When you reach the gates of the Louisiana State Penitentiary at Angola, you are greeted by gun-carrying guards that hand you a notice which reminds you not to take cameras, alcohol, or explosives onto the grounds. More than a dozen sets of eyes observe your movements and note your behavior as you walk from your parked car to the secured entrance. It is an intimidating experience, but Im looking forward to another short stay at Angola for the prison rodeo this Sunday. The event that started as an outlet for prisoner fun has evolved into the famous Angola Prison Rodeo, the strange Louisiana pastime that features bulls, boudin, and balsa wood prisoner crafts.
The event has come to be known as The Wildest Show in the South because of the nature of the performance. Hardened criminals are released from their cells and compete in the rodeo ring every Sunday in October. But the rodeo is not just a novel way of letting convicted felons exercise. It provides prisoners with an opportunity to do something positive while paying for their debt to society. For many, it is the first step in walking the straight and narrow path that hopefully leads beyond the walls of Angola.
Although most of the participants had no prior experience working with livestock before entering Angola, the inmates put on a heck of a show. They are committed to entertaining the crowd because the continued success of the rodeo grants more liberties to the prisoner participants. Among the days events are bull riding, wild horse races, and wild cow milking, during which teams of inmate cowboys chase ornery cows around the arena and try to extract some milk. All of this is overseen by official rodeo judges.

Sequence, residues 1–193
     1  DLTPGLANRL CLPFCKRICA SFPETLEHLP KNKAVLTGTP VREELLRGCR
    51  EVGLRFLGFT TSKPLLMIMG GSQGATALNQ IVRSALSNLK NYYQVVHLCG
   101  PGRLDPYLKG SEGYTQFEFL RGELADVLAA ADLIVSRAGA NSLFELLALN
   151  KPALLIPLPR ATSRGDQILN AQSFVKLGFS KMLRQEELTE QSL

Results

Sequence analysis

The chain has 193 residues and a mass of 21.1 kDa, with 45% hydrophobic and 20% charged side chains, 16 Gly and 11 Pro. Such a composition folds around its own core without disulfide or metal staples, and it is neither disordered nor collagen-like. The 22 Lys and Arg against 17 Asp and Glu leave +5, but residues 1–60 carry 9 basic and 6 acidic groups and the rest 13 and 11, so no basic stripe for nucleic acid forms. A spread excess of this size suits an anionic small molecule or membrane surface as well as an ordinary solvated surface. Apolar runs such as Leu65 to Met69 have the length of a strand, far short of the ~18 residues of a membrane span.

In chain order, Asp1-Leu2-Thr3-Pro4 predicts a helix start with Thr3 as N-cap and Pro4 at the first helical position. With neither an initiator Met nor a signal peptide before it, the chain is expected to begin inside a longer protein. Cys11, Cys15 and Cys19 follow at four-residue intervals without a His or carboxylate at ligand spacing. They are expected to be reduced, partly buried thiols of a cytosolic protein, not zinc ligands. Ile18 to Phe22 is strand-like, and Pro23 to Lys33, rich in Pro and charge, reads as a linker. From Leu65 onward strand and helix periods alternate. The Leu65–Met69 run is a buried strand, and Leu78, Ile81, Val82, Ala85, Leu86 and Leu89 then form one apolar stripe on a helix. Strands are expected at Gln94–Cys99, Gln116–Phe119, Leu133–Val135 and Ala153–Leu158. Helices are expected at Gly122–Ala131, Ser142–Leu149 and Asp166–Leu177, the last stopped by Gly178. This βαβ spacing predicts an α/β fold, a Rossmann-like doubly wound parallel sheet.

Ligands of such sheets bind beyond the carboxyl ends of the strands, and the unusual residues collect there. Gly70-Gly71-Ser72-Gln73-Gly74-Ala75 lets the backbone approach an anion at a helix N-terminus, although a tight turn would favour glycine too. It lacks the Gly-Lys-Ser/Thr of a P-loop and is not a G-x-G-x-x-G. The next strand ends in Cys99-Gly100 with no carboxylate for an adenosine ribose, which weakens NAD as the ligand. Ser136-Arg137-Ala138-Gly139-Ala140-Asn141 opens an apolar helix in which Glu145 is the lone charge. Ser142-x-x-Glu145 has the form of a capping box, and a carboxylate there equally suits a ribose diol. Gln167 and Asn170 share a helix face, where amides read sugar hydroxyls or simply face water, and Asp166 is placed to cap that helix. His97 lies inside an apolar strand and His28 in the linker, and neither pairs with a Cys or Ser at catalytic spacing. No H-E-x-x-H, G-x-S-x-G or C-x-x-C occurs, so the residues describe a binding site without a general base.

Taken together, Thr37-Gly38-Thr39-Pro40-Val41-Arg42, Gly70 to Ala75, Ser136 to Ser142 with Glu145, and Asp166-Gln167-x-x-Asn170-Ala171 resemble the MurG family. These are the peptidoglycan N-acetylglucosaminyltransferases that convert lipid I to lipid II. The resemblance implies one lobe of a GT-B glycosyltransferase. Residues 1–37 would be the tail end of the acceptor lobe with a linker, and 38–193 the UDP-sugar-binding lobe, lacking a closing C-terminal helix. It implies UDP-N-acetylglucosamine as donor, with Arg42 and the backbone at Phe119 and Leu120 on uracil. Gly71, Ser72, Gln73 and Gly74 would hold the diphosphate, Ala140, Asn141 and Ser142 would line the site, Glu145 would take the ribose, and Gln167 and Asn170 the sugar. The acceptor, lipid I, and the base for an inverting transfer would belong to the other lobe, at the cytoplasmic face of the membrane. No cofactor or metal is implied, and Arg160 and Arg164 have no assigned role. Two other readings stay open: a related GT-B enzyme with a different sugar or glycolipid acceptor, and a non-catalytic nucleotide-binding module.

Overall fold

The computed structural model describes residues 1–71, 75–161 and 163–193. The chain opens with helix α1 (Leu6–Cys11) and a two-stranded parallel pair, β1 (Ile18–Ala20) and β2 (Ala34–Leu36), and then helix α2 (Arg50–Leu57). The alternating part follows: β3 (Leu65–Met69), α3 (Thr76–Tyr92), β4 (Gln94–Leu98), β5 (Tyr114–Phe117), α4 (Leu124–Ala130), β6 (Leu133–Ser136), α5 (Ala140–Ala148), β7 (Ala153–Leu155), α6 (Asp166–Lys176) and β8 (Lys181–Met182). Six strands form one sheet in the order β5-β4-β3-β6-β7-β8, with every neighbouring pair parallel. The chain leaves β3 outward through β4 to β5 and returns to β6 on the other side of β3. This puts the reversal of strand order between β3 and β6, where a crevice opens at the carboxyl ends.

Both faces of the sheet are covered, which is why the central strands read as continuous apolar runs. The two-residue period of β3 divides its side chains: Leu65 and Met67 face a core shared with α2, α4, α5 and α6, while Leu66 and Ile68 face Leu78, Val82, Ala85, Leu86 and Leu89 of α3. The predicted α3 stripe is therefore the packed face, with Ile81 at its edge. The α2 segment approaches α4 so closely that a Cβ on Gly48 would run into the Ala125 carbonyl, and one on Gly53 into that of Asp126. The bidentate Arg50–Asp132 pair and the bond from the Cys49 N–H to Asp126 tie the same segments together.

Food is also available on the grounds and most of it is similar to what you might find at festivals of this nature. But unlike the deep-dried confections offered at other Louisiana festivals, only these are served by cooks from the prison. Look out for the particularly tasty potato tornado, which consists of a whole peeled potato that is fried and then salted.
While the rodeo performance is the draw for most attendees, some come only to wander the grounds and observe the prisoner crafts for sale. The quality of the arts and crafts on display is almost as unnerving as the bartering process that takes place with the inmates behind the barbed-wire fences. Some of the most popular items are inmate portraits and depictions of life on the farm.
Admission to the rodeo is $10. The drive takes about two and a half hours. Be sure to get there early, because seating is limited. Bryan Davis